• I think the Government have made that quite clear: people who live here are quite welcome in this country and we will abide by our obligations, unless other EU states change their position.

  • My Lords, when I was delivering leaflets on behalf of the leave campaign in Barnstaple, I asked a man leaving his house whether he was going to vote leave on Thursday and he said, “No, you racist”. Was that a hate crime?

  • My Lords, it most certainly was not because we are all free to express our opinions. It is absolutely right that this country is a country in which we can express our opinions. The line lies where that expression incites people to commit hate crimes.

  • My Lords, racist and religious instances of abuse jumped 41% in the month after the UK voted to leave the EU. Does the Minister attribute that rise to some of the more unpleasant aspects of the EU debate? What further actions are the Government taking and what are the review mechanisms in place in government to ensure that we have the most effective, tough and up-to-date laws to tackle anti-Semitism, Islamophobia and all other forms of racist and religious abuse?

  • The noble Lord is absolutely right: in the post-EU referendum period we did see a spike in hate crimes, particularly those that were racially motivated. I held a number of round tables with people of different religions in Manchester and met the Polish ambassador following the graffiti and hatred directed towards the Polish community in Hammersmith. It was very clear that it was a spike in crime motivated by people who used the EU referendum as an opportunity to vent their hate. I am very pleased that those figures have now calmed right down to almost normal levels. However, it teaches us a lesson that, in light of events that might cause such feelings, we need to quell them quickly.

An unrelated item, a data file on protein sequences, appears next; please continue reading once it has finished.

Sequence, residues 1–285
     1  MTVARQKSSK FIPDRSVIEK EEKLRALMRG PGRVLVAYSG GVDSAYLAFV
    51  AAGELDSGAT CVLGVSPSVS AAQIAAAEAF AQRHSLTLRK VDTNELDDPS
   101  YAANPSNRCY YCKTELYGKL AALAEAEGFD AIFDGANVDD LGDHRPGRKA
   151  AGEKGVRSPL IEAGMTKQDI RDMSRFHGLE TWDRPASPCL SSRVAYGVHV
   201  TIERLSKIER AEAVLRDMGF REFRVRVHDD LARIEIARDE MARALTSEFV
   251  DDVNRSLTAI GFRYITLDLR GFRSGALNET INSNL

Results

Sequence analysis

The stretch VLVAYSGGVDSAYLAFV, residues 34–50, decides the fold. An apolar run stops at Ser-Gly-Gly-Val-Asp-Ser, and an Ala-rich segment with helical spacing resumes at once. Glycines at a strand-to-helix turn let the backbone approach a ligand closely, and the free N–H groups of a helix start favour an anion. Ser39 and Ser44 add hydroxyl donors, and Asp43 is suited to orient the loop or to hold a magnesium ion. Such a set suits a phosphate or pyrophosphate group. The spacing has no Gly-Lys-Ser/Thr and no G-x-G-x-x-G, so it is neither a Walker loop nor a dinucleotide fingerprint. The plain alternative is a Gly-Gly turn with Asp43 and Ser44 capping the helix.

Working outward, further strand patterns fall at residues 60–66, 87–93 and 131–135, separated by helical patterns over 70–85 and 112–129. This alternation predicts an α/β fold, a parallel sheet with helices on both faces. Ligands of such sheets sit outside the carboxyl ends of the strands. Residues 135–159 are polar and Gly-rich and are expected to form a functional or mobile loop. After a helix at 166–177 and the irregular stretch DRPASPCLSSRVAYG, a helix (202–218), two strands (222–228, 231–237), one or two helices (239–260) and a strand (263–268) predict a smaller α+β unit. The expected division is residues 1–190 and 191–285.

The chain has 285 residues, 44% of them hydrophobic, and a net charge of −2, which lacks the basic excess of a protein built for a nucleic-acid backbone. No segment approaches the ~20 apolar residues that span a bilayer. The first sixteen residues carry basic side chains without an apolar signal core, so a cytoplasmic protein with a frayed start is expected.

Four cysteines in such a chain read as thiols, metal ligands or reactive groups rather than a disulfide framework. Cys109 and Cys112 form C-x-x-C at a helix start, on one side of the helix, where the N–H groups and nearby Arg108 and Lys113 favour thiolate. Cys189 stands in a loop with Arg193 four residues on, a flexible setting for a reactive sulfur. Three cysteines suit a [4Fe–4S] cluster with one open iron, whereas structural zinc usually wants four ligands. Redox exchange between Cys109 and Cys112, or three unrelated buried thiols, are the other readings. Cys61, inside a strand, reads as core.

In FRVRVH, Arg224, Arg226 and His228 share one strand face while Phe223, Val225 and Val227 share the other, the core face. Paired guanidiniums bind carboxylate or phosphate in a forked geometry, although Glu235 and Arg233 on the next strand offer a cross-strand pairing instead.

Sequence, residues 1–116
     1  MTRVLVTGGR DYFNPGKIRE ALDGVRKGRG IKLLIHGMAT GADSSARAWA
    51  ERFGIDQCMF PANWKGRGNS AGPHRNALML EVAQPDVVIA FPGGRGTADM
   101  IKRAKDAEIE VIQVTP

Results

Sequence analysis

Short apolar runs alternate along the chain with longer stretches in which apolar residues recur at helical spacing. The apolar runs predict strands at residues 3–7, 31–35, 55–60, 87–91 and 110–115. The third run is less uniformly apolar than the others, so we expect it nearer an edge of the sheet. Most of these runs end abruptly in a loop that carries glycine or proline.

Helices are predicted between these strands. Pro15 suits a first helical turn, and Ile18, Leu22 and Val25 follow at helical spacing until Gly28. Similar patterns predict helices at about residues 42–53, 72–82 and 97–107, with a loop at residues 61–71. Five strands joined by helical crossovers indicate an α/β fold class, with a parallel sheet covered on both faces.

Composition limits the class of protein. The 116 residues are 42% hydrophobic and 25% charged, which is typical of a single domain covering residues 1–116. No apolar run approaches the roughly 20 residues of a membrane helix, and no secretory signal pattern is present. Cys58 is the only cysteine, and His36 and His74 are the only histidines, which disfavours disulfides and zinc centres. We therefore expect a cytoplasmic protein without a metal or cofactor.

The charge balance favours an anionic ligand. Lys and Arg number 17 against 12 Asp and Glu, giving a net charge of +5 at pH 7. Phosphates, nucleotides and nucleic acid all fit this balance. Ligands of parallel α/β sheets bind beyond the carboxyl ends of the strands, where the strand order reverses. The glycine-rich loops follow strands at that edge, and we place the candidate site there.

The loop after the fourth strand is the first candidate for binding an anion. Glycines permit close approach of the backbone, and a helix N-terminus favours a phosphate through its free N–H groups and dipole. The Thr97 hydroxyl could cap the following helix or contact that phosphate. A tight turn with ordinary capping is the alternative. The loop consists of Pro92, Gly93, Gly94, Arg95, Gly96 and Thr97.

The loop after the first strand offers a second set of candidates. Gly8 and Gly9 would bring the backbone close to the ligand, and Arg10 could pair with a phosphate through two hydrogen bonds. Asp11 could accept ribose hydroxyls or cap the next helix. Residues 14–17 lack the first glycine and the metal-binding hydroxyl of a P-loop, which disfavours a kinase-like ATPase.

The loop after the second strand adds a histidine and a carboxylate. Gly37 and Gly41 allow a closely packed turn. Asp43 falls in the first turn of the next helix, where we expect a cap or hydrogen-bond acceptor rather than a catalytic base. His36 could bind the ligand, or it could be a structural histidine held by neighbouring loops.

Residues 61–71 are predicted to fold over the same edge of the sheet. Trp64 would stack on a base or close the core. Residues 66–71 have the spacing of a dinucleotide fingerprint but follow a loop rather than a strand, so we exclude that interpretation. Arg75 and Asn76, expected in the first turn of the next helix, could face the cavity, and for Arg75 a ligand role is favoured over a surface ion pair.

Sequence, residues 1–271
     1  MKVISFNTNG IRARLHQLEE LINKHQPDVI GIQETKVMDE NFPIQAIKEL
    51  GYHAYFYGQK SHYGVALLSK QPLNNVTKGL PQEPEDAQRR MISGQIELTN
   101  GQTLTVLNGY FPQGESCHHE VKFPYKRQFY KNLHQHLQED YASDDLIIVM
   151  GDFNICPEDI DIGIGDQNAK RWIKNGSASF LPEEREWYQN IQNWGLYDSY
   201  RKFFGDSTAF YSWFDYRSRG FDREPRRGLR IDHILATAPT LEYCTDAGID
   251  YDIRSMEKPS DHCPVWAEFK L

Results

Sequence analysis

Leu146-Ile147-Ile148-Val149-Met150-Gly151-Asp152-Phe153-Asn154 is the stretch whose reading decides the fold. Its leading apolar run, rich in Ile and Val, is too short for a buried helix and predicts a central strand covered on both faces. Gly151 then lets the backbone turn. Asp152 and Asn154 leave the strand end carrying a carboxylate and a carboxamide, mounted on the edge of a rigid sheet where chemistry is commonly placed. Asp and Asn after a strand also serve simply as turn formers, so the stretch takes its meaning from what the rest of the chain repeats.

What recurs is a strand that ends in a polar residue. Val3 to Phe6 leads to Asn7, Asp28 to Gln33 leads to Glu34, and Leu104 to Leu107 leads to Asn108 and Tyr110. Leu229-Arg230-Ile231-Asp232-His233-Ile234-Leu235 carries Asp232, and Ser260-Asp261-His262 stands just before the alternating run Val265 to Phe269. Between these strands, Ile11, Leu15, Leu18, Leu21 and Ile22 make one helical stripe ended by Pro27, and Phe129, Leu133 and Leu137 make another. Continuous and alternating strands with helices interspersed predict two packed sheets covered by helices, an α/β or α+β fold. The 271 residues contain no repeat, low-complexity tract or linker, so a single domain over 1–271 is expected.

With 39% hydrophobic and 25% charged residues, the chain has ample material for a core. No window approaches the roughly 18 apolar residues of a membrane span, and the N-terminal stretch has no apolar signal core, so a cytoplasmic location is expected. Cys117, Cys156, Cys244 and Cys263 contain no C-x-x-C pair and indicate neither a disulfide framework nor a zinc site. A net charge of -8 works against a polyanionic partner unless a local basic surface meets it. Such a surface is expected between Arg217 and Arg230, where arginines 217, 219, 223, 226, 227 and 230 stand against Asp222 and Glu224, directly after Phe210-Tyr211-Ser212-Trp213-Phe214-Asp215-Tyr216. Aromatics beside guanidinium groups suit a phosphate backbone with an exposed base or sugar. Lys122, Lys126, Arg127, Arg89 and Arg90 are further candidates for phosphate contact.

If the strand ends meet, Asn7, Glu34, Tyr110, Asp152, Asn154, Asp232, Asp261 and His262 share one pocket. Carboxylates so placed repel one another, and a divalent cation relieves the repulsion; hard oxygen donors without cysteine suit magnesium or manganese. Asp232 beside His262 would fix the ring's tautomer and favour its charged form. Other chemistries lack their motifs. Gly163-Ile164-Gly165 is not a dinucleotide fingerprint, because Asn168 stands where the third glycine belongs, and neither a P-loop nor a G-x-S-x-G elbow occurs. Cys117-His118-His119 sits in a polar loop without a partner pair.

• My Lords, as the Minister mentioned, the incidence of race and religious hate crimes has gone up by some 40%. The figure the Home Office released is 5,468 at the end of July. Can she say how many of those incidents have been properly investigated, whether there have been any convictions and whether she has any figures? Until there are convictions and examples are made to show that we will not tolerate hate crime as a society, it will continue. As the Minister is aware, many more people do not report this sort of incident and the figure could well be double the 40% that the Home Office has reported.

  • One of the things that we did while I was in my other job in the DCLG was to encourage people to report both anti-Muslim and anti-Semitic hatred through the CST, Tell MAMA and the True Vision website, which encourages people to report hate crimes. Yes, there has been an increase in hate crime, but there has also been an increase in its reporting. In terms of prosecutions for hate crime—I asked that question earlier today because I was genuinely interested in the answer—there have been 15,442 in 2015-16. That is a 4.8% increase on the previous year. There has also been a very depressing 41% increase in disability hate crime. We cannot relax across any of those strands that we are looking at.